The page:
The EU ban: Disempowering the Muslim woman.
This week, the EU courts ruled it is not discriminatory to ban the wearing of religious clothing or symbols in the workplace. This includes the hijab or headscarf. This means that organisations can now enforce dress code on staff that requires them to ‘dress neutrally’ as part of a requirement for employment.
A pretty huge piece of news, the headlines slipped pretty quietly into the public narrative. But this is no small matter.
What does this week’s ruling mean for the working, covering Muslim woman?
All too often the narrative imposed on Muslim women and assumed about us, is that we are down-trodden, meek and mild, destined for life at home with the babies, dependent on our men and in some cases, actually forbidden to work at all.
We are reminded constantly that Muslim women have one of the highest rates of unemployment and more must be done to help give us access to work.
Whilst I don’t disagree that creating opportunities for education and work for ALL women is a wonderful thing, how does that equate with this week’s EU ban? Just how will Muslim women be encouraged to work now, knowing that in some organisations, their hijab will actively stop them from securing employment? The ban stipulated how jobs away from clients can be offered to those who wish to wear a headscarf (or turban or cross or other items of religious clothing) but how does this help the wider issue of Muslim women being empowered?
Nike may be pushing a hijab right now and catwalk shows and fashion shoots may be featuring Muslim models but that means very little in the big scheme of things.
The EU ban sends a message loud and clear to the hijab-wearing sister seeking work. She has two options:
Let me say this – few sisters are going to remove their hijab just because their employer told them to do so. A Muslim woman who wears hijab may decide to stop wearing it, true. But if she does takes it citing her job, I’d wager she was considering taking it off anyway for which she may have personal reasons. Either that or she’s just been oppressed and forced to expose a part of her body she is uncomfortable with in order to experience the same equality of opportunity as others.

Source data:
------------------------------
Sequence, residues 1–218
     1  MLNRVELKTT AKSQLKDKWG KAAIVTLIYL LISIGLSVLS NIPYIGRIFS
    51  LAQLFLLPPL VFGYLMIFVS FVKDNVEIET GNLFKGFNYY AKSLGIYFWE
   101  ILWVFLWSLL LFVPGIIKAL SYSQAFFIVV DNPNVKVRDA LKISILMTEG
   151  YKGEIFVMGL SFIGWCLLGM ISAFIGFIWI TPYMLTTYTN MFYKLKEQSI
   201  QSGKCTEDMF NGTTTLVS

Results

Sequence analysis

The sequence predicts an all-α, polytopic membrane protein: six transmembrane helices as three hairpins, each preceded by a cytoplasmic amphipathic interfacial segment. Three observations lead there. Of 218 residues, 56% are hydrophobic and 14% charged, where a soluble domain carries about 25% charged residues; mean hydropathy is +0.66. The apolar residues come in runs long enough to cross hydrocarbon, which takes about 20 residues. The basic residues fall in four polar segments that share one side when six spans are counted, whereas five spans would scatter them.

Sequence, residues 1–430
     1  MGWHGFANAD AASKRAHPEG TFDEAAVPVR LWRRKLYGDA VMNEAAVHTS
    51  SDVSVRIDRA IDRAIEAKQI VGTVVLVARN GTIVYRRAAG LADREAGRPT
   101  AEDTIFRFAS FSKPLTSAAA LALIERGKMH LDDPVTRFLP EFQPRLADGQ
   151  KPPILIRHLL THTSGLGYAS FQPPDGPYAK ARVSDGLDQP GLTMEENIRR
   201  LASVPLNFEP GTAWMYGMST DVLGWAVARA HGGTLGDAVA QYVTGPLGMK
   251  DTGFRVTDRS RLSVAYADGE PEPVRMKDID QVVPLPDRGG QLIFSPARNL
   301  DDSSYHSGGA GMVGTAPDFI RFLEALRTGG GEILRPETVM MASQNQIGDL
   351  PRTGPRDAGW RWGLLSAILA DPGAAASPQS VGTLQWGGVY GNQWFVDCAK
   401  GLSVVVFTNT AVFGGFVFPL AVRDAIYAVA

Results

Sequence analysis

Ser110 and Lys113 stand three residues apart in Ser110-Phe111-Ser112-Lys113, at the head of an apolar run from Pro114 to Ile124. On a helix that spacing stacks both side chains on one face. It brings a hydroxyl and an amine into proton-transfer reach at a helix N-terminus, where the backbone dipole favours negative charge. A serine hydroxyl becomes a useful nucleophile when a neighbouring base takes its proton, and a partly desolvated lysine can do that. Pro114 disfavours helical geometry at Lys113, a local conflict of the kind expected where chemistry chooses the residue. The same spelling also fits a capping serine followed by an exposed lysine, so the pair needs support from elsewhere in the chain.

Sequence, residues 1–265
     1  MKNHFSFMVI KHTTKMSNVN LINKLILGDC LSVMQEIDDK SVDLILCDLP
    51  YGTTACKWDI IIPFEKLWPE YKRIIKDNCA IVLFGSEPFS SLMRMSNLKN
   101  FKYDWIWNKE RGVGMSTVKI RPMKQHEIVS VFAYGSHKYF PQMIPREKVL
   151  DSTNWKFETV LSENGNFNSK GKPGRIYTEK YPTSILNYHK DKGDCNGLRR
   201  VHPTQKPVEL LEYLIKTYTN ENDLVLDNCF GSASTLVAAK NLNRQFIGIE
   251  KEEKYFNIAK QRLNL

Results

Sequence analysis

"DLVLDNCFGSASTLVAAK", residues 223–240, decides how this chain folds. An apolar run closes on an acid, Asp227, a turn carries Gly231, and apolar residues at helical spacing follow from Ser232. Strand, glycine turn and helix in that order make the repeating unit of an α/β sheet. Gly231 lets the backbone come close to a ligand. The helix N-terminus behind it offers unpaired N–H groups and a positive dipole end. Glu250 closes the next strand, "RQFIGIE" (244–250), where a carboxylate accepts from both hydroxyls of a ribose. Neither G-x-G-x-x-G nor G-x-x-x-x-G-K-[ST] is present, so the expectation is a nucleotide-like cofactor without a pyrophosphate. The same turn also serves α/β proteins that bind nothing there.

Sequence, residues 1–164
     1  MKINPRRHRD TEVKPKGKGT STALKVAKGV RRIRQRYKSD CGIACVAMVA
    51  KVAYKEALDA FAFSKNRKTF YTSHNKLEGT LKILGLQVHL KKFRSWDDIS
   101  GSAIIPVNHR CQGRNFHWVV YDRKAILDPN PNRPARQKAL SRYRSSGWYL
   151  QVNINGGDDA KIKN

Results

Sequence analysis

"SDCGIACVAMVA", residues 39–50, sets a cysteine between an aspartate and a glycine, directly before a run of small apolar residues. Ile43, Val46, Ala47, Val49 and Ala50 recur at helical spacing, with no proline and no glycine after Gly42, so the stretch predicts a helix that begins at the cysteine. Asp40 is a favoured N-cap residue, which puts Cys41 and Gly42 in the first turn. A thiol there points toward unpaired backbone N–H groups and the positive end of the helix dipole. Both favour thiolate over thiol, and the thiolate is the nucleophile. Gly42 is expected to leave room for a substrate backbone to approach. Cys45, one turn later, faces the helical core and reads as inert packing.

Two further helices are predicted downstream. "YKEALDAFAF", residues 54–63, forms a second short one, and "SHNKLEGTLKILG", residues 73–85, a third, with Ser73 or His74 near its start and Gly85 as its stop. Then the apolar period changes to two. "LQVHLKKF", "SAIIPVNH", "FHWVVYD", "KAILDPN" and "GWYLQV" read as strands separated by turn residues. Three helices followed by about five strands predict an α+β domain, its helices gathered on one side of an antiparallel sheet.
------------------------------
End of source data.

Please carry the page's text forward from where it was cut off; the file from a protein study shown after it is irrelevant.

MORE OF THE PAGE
Once again, good job on ‘freeing’ us poor, oppressed Muslim women.
The EU ban affects us all – Muslim or not, hijab-wearing or not. There are many sisters who don’t wear hijab but choose to dress modestly as a requirement of the wider concept of hijab. Just because a Muslim woman doesn’t wear headscarf, doesn’t mean she doesn’t believe in the Islamic requirements of dress, wherever she may personally be in the journey of addressing those herself. So what about those women? Will they be told – will we all be told – no, you can’t wear long sleeves because it’s part of your religious belief. No your skirt can’t be ankle length because of your faith.
No, your neckline needs to be lower, we don’t want anyone thinking you are a Muslim, do we?
If Muslim women need to be empowered, then surely the EU ban goes against the very grain of this. The only real way to empower any woman, indeed any person, is to give them the access to the same opportunities as any other. Restricting options based upon aspects of their identity, removes power from that person.
To those companies who do decide to adopt a company-wide neutral dress code, I would like to say this: you may be legally entitled to that now but you run a very high risk of alienating a great portion of your client base. I know I wouldn’t want to part with my money to a company that actively prevents a person such as myself from working. And with the Muslim consumer market growing rapidly, is that really a sensible business choice?
I guess we will have to see how the EU ban plays out and where this will leave things for the sister who wishes to work and cover her hair.
What is plain to see though is that hijab-wearing women’s employment choices just got a little bit smaller.
When looking for work, she will now have to consider if roles are closed to her because of her personal belief. She will now have to concede to the fact that the appearance of her hair bears greater impact on her suitability for a job than her brain and ability to carry out the role.
Hijab may be in fashion right now, but for now it is just that – fashion. A whim, a passing trend. It doesn’t alter the fact that still, a woman’s choice to dress as SHE chooses is dictated to her by others.
But hey, I suppose it’s not all bad. If it all gets a bit difficult, I guess we can all get jobs at Nike, right?